Feb 12, 2018
The United States Extension Service was established in 1914 by the Smith Lever Act to work with land-grant universities. The idea was to apply research and provide education in agriculture. However, that role has continued to evolve and expand. In 1914, more than 50% of the population lived in rural areas, and 30% of the workforce was engaged in farming. The Bureau of Labor Statistics reports that those numbers have dropped to less than 2% of the population being directly employed in agriculture. The Extension Service still plays a major role in agriculture but it has also expanded its programming and services to meet the needs of those living in rural, urban and suburban parts of the country.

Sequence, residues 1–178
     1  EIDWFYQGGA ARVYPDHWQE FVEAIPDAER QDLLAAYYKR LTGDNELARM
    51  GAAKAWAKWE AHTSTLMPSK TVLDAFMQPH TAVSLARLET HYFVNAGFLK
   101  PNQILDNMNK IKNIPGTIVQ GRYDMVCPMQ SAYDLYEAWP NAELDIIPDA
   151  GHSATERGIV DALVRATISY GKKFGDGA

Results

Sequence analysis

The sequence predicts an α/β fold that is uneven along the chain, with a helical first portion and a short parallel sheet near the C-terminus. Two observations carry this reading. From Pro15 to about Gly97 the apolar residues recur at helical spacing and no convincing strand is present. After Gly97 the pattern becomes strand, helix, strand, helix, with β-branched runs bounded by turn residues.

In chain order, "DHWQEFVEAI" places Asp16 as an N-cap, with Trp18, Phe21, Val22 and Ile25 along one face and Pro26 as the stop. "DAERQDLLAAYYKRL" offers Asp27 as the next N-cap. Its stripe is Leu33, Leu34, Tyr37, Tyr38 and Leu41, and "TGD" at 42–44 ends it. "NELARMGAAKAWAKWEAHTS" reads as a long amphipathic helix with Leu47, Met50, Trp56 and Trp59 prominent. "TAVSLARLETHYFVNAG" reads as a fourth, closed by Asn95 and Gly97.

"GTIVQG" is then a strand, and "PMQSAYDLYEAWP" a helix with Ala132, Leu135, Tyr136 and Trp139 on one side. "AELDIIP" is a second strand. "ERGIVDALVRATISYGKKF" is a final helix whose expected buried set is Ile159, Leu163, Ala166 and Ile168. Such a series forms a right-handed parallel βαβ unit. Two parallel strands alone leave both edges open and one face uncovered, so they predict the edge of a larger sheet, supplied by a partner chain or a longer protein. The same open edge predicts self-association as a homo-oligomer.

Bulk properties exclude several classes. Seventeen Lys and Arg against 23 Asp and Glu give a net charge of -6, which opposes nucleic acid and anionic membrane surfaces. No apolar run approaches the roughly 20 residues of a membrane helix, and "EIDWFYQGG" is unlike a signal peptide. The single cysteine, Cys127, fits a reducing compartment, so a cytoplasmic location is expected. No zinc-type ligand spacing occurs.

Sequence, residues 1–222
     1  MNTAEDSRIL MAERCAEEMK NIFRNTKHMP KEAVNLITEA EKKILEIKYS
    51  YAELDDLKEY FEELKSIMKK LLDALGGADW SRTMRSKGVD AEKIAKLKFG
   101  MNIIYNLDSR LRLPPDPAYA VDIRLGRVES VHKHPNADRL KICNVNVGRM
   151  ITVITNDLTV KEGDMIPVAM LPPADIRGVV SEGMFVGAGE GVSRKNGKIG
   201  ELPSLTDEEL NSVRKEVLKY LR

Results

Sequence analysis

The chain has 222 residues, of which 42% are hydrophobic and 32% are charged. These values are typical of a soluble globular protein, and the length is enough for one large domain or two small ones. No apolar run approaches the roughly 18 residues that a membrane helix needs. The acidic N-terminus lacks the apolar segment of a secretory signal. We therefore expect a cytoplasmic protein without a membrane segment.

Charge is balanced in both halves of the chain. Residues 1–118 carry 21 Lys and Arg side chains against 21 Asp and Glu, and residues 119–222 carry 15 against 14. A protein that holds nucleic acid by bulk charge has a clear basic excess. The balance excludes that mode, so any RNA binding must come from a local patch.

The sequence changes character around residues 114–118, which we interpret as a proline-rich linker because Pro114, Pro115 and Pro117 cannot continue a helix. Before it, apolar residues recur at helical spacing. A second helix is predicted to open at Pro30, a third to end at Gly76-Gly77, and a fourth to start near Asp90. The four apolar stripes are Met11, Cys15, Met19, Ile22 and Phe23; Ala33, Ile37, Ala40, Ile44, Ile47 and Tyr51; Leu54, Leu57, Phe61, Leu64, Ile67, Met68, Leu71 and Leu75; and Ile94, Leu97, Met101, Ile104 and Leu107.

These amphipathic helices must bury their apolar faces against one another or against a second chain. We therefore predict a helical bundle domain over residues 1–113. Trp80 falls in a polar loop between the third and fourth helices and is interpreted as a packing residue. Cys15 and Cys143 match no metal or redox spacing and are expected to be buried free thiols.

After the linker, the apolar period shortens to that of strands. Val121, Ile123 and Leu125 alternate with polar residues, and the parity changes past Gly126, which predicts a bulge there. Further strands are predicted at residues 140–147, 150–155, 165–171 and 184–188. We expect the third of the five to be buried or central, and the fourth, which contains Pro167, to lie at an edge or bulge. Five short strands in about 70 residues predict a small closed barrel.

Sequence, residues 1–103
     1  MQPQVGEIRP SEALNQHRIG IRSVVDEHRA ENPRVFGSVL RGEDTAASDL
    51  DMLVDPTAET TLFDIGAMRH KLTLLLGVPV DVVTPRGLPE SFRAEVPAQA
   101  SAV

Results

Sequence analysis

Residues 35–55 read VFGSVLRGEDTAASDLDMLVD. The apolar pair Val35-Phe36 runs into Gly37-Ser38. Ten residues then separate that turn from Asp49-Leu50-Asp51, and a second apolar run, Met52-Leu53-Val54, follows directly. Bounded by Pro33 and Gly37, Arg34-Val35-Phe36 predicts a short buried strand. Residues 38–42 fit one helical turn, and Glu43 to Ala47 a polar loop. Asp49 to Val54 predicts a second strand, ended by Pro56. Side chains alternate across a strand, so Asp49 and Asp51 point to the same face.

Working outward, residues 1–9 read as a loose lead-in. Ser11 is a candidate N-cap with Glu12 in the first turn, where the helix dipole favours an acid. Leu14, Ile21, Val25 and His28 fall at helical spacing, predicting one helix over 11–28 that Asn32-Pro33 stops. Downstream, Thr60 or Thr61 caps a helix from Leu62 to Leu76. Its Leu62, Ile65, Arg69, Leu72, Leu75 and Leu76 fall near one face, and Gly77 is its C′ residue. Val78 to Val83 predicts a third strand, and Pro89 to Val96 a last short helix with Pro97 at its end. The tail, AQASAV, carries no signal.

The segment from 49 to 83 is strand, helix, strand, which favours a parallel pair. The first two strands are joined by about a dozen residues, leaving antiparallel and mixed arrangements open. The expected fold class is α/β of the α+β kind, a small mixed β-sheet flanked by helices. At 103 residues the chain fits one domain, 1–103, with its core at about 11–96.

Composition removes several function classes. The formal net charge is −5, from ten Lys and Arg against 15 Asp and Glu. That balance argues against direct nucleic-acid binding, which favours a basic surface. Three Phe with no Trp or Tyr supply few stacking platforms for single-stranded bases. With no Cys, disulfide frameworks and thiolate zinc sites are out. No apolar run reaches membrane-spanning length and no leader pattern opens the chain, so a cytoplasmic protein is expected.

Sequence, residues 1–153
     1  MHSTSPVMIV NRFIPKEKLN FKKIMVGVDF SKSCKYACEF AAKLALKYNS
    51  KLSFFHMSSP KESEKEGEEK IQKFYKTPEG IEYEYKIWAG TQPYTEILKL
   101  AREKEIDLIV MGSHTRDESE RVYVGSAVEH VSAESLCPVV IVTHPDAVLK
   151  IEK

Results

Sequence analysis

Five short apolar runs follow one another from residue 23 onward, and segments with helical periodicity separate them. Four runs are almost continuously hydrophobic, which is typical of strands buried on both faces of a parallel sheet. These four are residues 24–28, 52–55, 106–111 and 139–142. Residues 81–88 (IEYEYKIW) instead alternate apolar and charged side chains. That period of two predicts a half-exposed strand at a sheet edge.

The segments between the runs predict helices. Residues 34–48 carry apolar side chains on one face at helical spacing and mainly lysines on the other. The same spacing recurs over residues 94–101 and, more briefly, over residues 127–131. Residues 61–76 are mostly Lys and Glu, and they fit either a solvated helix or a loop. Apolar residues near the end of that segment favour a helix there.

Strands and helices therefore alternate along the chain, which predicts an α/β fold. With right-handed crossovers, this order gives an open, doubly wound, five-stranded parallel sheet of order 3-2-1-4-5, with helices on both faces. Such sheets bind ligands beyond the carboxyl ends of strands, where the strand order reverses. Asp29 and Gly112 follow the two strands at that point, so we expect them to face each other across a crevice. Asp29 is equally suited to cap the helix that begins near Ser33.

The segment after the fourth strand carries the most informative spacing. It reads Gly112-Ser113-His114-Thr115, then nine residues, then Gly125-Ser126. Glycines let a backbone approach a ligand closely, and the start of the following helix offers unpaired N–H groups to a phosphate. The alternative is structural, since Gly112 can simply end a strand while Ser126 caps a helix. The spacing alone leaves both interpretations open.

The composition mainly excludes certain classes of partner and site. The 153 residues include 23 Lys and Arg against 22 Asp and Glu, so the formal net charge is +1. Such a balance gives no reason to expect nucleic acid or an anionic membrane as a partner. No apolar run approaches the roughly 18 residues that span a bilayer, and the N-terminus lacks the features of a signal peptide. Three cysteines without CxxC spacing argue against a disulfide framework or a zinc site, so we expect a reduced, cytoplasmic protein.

Guest: Dr. Gregg Hadley, associate director for Extension at Kansas State University.
Perspective is a weekly public affairs program hosted by Richard Baker, communications professor at Kansas State University. Perspective has been continuously produced for radio stations across the nation by K-State for well over six decades.
The program has included interviews with dignitaries, authors and thought leaders from around the world. Send comments, questions or requests for copies of past programs to firstname.lastname@example.org.
K‑State Research and Extension is a short name for the Kansas State University Agricultural Experiment Station and Cooperative Extension Service, a program designed to generate and distribute useful knowledge for the well‑being of Kansans. Supported by county, state, federal and private funds, the program has county Extension offices, experiment fields, area Extension offices and regional research centers statewide. Its headquarters is on the K‑State campus in Manhattan.